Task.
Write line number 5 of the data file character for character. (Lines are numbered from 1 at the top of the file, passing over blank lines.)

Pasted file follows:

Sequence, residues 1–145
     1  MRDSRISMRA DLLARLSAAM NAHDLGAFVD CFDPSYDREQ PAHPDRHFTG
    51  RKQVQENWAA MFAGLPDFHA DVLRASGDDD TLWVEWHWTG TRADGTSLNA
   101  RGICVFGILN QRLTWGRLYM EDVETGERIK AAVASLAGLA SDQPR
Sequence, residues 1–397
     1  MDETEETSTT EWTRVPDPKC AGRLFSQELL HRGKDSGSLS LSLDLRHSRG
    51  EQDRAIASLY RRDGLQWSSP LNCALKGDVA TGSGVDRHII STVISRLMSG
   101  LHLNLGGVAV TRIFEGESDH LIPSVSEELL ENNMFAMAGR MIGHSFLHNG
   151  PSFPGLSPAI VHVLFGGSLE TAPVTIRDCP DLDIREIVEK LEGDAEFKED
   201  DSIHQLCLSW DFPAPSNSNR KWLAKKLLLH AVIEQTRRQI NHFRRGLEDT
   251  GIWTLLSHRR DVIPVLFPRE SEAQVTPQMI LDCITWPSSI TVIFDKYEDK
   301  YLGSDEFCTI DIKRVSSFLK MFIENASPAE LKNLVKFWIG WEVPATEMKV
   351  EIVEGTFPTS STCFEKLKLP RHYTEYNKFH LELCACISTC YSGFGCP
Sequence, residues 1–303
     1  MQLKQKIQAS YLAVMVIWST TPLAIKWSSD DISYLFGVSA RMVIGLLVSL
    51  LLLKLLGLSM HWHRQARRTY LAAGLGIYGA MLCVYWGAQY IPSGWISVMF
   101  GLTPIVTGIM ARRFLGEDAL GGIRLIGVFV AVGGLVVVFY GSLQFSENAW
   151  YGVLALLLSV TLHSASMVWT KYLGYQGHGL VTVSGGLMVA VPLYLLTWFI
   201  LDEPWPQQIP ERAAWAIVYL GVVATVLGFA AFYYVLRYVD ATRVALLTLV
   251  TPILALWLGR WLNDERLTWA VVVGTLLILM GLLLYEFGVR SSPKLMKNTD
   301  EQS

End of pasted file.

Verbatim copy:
Sequence, residues 1–397